The plane's nose artwork was modelled on an original 'November 1944' Alberto Varga pin-up. The aircraft was made famous in some ways by the artwork on the nose and on one of the bombs that she carried. The bomb artwork shows a winged tiger breaking out of an Easter egg and this particular bomb was a special present for Hitler from the squadron.
At the time, crew member and budding artist, Leading aircraftman (LAC) Matthew C. Ferguson practised his craft on several aircraft from 1941 until 1945, he painted on at least four different types of aircraft, he helped develop station and squadron badges, pioneered placing artwork on bomber jackets worn by aircrew, and even painted artwork on bombs. 
“Victorious Virgin” flew the squadron’s 2000th four-engined sortie on 21st March 1945. The 4000 lb “cookie” bomb was painted by Ferguson and labelled, “An Easter Egg for Hitler.” 
The single Decal sheet with four different markings for three different Lancasters (in four incarnations). Surely aftermarket sheets sales figures will go through the roof when everybody wants their own example. Printed by Cartograf, mine were sharply printed into the smallest detail. 
There was however a large misstep here, no cockpit dial decals are present. Do yourself a favour and go to Airscale for the individual decal sets for the Lancaster dials, they also do the whole panel and controls for this Lanc and they are excellent!
Photo Etch
Speaking of photo-etch, we have a small sheet with several belt straps for the crew memebr's seats, the aircraft equipment blanks,  and the bombsight's bracket are all here.
The Build:
For this build, I pretty much knew what was coming, and what I needed to look out for in the process because of my previous build of the test kit. I pretty much followed the instructions on this one, and we will go step by step through the kit to keep everyone on the same page with this guide.
Step 1
First thing's first - (as always) and the pilot's seat is the no.1 concern in step no 1. The simple seat construction is pretty sturdy, made up from twelve plastic parts that include the seat cushion and the pilot's armoured head shield.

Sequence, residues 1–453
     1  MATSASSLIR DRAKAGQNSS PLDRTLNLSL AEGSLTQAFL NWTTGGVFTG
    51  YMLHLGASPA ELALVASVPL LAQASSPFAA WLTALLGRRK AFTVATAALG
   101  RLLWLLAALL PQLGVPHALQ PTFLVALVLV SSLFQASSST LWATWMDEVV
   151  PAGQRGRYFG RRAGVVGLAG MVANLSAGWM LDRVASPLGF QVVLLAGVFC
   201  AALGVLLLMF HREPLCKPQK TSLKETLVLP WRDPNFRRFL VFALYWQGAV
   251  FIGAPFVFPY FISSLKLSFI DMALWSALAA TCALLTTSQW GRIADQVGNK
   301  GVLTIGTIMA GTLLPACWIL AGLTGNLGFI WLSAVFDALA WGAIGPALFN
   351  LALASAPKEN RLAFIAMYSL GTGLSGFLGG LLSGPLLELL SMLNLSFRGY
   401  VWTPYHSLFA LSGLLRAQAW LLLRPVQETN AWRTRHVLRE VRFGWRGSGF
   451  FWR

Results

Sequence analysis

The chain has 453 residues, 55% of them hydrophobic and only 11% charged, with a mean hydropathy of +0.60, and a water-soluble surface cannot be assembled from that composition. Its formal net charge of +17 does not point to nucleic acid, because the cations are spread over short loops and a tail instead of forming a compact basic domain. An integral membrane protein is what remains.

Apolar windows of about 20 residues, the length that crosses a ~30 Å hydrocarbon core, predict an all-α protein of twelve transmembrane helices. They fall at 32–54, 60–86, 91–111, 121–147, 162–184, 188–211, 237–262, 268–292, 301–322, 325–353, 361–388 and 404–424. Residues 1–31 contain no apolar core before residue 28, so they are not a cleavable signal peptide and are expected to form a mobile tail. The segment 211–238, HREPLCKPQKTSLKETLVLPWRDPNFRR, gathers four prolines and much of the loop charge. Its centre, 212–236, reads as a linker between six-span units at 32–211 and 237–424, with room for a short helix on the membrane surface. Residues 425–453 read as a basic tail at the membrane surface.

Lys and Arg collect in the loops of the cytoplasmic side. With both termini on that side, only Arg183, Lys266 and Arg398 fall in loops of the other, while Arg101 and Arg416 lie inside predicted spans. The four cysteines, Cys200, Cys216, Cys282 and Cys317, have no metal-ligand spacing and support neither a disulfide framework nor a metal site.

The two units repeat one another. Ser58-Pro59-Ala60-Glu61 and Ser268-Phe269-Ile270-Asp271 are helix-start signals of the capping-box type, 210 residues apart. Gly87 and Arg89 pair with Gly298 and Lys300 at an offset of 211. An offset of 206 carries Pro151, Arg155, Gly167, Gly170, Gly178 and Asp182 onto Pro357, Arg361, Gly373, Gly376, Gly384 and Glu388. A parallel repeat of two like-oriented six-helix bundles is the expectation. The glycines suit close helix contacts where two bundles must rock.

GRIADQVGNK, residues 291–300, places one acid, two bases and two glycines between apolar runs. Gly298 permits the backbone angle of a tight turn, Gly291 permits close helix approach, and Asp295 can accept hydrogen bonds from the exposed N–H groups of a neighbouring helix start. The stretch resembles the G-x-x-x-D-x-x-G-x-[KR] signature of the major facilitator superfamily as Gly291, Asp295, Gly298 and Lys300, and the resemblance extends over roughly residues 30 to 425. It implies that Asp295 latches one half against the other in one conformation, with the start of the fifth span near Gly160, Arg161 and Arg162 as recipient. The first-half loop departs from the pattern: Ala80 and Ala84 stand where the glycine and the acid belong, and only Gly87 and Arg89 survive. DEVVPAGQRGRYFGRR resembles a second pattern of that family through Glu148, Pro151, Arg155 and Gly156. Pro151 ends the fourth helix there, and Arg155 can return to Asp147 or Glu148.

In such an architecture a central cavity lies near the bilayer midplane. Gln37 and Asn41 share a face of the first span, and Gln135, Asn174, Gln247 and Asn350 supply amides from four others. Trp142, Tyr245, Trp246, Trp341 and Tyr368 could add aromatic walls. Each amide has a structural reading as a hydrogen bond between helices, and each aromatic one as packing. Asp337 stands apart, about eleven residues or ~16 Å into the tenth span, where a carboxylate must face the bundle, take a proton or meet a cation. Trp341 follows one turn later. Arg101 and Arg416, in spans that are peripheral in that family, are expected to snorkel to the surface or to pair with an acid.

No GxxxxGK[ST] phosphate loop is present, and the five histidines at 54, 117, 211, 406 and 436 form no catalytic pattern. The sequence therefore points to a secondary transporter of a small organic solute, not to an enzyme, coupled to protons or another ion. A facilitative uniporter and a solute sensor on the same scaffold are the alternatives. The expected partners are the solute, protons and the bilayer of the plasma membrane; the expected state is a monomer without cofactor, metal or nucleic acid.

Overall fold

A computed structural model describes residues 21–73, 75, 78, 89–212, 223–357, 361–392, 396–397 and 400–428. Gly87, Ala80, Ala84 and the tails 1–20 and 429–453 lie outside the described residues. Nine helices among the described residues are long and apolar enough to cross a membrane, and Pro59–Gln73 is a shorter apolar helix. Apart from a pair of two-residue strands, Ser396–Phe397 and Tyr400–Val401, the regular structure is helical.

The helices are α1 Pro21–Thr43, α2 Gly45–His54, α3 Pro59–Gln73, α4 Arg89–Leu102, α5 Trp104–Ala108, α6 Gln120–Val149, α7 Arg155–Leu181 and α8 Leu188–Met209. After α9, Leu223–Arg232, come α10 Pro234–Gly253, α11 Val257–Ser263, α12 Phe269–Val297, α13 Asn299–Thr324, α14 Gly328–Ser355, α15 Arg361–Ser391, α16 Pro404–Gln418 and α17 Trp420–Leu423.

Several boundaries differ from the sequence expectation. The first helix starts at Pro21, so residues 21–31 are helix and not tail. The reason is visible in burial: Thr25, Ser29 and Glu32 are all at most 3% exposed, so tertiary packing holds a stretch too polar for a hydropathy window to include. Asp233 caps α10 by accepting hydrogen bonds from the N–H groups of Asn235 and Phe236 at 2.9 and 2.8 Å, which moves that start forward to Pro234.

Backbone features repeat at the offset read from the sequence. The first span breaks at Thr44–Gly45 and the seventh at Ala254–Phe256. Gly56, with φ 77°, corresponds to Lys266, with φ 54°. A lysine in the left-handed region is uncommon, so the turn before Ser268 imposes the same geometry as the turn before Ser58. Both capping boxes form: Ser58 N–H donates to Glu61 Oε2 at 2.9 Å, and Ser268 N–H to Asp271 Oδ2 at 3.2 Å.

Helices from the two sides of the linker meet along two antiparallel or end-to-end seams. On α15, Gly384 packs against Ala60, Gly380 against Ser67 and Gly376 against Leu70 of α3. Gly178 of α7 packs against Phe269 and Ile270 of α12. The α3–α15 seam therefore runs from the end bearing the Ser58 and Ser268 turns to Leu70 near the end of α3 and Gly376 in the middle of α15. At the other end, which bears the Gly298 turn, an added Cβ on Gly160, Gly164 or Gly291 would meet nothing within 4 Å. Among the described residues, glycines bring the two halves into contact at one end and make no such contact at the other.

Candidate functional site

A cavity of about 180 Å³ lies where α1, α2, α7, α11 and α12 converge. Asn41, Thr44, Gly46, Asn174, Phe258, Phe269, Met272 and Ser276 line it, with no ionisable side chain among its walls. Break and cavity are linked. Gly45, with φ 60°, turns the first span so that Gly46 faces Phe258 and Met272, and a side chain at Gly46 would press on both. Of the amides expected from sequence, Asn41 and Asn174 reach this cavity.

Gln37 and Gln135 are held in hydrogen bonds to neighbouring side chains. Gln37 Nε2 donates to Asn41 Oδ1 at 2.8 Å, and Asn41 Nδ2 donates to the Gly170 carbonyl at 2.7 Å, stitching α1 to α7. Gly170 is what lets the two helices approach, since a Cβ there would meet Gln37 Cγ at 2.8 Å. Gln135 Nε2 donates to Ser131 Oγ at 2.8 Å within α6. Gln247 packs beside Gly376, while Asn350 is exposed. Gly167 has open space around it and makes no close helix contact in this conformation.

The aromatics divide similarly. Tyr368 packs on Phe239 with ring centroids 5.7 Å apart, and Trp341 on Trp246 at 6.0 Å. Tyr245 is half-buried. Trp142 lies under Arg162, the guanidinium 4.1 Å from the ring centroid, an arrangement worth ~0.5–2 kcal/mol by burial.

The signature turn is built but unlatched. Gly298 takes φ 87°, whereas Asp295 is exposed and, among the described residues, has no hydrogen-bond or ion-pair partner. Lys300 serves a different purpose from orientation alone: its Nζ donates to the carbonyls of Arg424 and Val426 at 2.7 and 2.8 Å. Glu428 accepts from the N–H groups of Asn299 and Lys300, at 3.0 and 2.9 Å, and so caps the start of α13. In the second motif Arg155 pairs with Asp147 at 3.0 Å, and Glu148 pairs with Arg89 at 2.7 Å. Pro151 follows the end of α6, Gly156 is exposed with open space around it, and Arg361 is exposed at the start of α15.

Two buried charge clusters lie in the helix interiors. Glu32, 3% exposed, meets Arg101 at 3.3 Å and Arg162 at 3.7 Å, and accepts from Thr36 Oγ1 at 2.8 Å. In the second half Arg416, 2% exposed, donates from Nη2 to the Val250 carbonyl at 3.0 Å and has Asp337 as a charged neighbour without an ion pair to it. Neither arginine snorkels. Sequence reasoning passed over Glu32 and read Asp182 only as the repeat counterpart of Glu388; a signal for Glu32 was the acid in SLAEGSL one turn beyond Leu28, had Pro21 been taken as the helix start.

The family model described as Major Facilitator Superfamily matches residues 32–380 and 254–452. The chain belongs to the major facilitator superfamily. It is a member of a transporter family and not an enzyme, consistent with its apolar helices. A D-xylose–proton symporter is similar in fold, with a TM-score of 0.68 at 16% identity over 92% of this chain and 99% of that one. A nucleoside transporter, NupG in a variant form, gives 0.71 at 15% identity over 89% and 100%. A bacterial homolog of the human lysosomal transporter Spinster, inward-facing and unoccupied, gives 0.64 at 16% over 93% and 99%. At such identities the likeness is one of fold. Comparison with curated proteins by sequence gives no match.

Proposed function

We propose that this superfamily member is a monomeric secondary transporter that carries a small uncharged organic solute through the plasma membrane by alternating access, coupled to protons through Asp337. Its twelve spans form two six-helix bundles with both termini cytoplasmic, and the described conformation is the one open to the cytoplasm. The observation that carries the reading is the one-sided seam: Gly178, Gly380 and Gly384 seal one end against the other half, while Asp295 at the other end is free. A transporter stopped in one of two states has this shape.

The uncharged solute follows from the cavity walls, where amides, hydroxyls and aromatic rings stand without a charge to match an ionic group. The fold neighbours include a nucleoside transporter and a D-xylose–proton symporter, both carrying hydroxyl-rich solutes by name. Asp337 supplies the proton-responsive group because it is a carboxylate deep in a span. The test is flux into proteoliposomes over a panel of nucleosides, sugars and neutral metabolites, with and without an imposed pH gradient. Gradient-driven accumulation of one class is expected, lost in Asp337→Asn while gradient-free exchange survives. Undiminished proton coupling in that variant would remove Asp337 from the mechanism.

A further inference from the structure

The photo-etch sheet is deployed straight away, with the pilot's harness being represented. The metal performs a whole lot better as soon as you run the lighter over the metal to anneal it. This makes it much softer and so it falls more realistically over the corners of the seat. Not a bad solution out of the box. Of course, some of you might want to put a pilot in there, so you may have to thread the harness around him.

Step 2
The table shared by the Navigator and the Wireless operator at his position in front of the Marconi T1154/R1155 transmitter/receiver set is next to be built. Part X4 which is the partition between the crew and backing of the wireless set has some large ejector marks that need a 5-minute sanding to remove before you install it in there.

The wireless set itself goes together rather easily, with the details of the radio pretty nice to this modellers eye when you compare it to the original set. The depth of the knobs and fascias is spot on. The only thing you may need are decals for some of the fascias. The 'Fishpond' Indicator, part of the H2S system is at the bottom left of the photograph, while the The T1154 Transmitter (top) and Receiver R1155 (bottom right) operated on the HF band (High frequency, typical 1 to 30 MHz).

The side of the wireless set that faces the cabin wall has a simple photo etch shape that closes it all up, I suppose it is a limitation of moulding to create a good box shape so metal fixes that gap.